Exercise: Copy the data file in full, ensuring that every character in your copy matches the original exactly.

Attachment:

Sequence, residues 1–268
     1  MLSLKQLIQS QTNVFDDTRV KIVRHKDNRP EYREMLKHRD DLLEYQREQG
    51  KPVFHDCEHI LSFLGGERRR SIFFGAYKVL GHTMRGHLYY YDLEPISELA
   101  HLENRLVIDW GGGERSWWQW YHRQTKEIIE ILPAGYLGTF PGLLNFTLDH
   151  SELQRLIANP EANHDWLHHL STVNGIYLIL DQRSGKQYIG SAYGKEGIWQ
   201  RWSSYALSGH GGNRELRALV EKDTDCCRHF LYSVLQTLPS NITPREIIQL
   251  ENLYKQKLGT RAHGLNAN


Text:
Sequence, residues 1–268
     1  MLSLKQLIQS QTNVFDDTRV KIVRHKDNRP EYREMLKHRD DLLEYQREQG
    51  KPVFHDCEHI LSFLGGERRR SIFFGAYKVL GHTMRGHLYY YDLEPISELA
   101  HLENRLVIDW GGGERSWWQW YHRQTKEIIE ILPAGYLGTF PGLLNFTLDH
   151  SELQRLIANP EANHDWLHHL STVNGIYLIL DQRSGKQYIG SAYGKEGIWQ
   201  RWSSYALSGH GGNRELRALV EKDTDCCRHF LYSVLQTLPS NITPREIIQL
   251  ENLYKQKLGT RAHGLNAN